A certain man went down from Jerusalem to Jericho, and fell among thieves, which stripped him of his raiment, and wounded him, and departed, leaving him half dead. And by chance there came down a certain priest that way: and when he saw him, he passed by on the other side. And likewise a Levite, when he was at the place, came and looked on him, and passed by on the other side. But a certain Samaritan, as he journeyed, came where he was: and when he saw him, he had compassion on him, And went to him, and bound up his wounds, pouring in oil and wine, and set him on his own beast, and brought him to an inn, and took care of him. And on the morrow when he departed, he took out two pence, and gave them to the host, and said unto him, Take care of him; and whatsoever thou spendest more, when I come again, I will repay thee. Which now of these three, thinkest thou, was neighbour unto him that fell among the thieves? And he said, He that shewed mercy on him. Then said Jesus unto him, Go, and do thou likewise.
8. Ps. 37:1, 3–15, 17, 18, 23, 24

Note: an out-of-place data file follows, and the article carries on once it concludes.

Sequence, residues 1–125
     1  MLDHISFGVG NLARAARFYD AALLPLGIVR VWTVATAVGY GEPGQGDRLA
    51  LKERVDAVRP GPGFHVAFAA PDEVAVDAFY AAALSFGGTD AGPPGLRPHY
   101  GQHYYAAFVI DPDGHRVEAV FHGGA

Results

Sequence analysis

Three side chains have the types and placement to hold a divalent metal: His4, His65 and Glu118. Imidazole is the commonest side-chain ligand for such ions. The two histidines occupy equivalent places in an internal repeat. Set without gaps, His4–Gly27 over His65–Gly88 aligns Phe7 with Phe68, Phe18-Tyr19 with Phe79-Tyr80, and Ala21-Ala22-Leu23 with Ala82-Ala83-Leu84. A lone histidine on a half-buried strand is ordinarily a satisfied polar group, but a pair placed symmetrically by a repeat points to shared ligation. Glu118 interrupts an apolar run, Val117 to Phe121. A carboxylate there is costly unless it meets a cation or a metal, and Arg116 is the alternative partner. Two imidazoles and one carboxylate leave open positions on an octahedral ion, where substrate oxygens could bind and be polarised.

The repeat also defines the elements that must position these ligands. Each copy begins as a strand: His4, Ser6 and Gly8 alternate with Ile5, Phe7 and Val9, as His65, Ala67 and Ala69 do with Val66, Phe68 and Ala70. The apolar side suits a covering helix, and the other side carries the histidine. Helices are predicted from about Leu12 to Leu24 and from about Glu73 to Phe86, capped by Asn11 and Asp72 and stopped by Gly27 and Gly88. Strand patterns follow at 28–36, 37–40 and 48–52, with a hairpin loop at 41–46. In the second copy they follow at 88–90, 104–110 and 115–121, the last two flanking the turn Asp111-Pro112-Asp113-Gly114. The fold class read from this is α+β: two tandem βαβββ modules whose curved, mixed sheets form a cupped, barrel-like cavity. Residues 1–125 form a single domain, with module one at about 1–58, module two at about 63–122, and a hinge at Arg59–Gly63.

Fret not thyself because of evildoers, neither be thou envious against the workers of iniquity. ... Trust in the Lord, and do good; so shalt thou dwell in the land, and verily thou shalt be fed. Delight thyself also in the Lord; and he shall give thee the desires of thine heart. Commit thy way unto the Lord; trust also in him; and he shall bring it to pass. And he shall bring forth thy righteousness as the light, and thy judgment as the noonday. Rest in the Lord, and wait patiently for him: fret not thyself because of him who prospereth in his way, because of the man who bringeth wicked devices to pass. Cease from anger, and forsake wrath: fret not thyself in any wise to do evil. For evildoers shall be cut off: but those that wait upon the Lord, they shall inherit the earth. For yet a little while, and the wicked shall not be: yea, thou shalt diligently consider his place, and it shall not be. But the meek shall inherit the earth; and shall delight themselves in the abundance of peace. The wicked plotteth against the just, and gnasheth upon him with his teeth. The Lord shall laugh at him: for he seeth that his day is coming. The wicked have drawn out the sword, and have bent their bow, to cast down the poor and needy, and to slay such as be of upright conversation. Their sword shall enter into their own heart, and their bows shall be broken. ... For the arms of the wicked shall be broken: but the Lord upholdeth the righteous. The Lord knoweth the days of the upright: and their inheritance shall be for ever. ... The steps of a good man are ordered by the Lord: and he delighteth in his way. Though he fall, he shall not be utterly cast down: for the Lord upholdeth him with his hand.